In addition, making products from recycled materials typically requires less energy than making products from virgin materials.
For the food waste that you can not avoid, home composting or using your grey caddy to recycle your food waste is a significant contribution to removing food from the waste stream.
New research has revealed that as much as 50% of the items in your black bin could be composted.
Recycling your food waste is such an important part of reducing your carbon footprint for two key reasons:
Putting food waste in your food caddy allows for the recovery of nutrients from food waste as it is composted and turned into fertiliser for nearby farms.
Food waste is composed of about 70% water and burning it at a waste incinerator is highly inefficient as it requires a large amount of energy and the net energy gain is very low.
What can I recycle?
As nearly nine out of 10 UK households say they regularly recycle in the UK, it is more important than ever that we get recycling right.
Placing the right material in the right recycling bin is the best way to avoid recycling contamination – this is where your recycling contains some non-recyclable items or isn’t separated correctly into the right bins.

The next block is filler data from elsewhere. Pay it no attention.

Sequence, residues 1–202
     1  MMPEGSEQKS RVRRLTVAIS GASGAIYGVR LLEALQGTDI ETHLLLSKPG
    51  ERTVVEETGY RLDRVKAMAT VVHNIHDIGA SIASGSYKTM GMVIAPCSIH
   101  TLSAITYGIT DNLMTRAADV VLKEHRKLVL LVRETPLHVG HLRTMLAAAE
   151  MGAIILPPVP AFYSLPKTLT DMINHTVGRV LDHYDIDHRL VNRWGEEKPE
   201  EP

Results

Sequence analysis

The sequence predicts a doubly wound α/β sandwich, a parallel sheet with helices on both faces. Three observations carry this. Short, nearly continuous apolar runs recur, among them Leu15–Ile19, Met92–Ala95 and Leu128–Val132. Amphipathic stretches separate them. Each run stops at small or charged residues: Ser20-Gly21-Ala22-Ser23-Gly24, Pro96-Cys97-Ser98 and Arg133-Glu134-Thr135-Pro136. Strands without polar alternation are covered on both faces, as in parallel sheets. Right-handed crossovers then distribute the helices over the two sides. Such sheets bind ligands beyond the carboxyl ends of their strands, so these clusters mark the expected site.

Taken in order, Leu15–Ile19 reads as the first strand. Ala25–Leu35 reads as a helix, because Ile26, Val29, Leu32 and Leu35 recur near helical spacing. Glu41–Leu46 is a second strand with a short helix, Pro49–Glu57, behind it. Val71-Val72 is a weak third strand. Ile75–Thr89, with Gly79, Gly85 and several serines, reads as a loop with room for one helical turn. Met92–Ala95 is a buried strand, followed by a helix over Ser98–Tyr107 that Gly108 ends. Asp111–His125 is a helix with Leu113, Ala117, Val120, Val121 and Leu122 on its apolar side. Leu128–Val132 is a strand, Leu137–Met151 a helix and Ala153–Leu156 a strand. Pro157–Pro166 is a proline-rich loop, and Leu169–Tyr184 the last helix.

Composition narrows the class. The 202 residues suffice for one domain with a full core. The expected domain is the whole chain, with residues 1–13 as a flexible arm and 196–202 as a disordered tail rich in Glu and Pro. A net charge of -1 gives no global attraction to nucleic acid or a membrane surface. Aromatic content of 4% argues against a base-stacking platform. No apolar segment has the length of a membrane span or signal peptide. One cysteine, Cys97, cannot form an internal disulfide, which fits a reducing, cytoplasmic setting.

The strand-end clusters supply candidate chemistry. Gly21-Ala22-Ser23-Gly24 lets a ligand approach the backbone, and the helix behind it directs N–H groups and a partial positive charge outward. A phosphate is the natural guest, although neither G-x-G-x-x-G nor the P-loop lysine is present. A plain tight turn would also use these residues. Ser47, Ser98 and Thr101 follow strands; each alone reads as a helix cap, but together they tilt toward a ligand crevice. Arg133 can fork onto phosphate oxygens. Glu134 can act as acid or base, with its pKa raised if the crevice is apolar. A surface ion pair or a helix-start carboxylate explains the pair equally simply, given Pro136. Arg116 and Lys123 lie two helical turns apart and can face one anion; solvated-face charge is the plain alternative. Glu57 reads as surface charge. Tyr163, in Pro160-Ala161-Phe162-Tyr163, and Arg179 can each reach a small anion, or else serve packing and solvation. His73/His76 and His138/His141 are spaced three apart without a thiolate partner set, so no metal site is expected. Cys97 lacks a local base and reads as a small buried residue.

The reason contamination is an issue is that several contaminants can cause a whole recycling load to be non-viable as it is too difficult to separate and it will be diverted to the general waste stream.
We know most people want to do the right thing and to help your efforts, below is a guide to what you can recycle at home in your bins.
What can I recycle at home?
Red bin or paper insert
Grey food caddy
You can find further information about where to put your waste on the Canterbury City Council recycling page.
You can also find out about what plastics you can and cannot recycle at home on the Pledge2Recycle website.
Household waste recycling centres
If there is something you can’t recycle at home, try your local household waste recycling centre as you will be able to recycle a wider range of items from batteries to paint cans, wood and electronic items.
Local donation points
You can also donate your unwanted items at these local places:
Or you can recycle your electrical items with these organisations:
You can also visit www.recyclenow.com to find recycling banks and information on what you can recycle at home.
Bulky waste collections
If you’ve got large items to dispose of like furniture or white goods, which are too big to fit into your bin, we can take it away for a fee.
If you would like further information on recycling and climate change, you can contact Nicholas Thurston, Climate Change Officer at firstname.lastname@example.org .
Published: 28 April 2021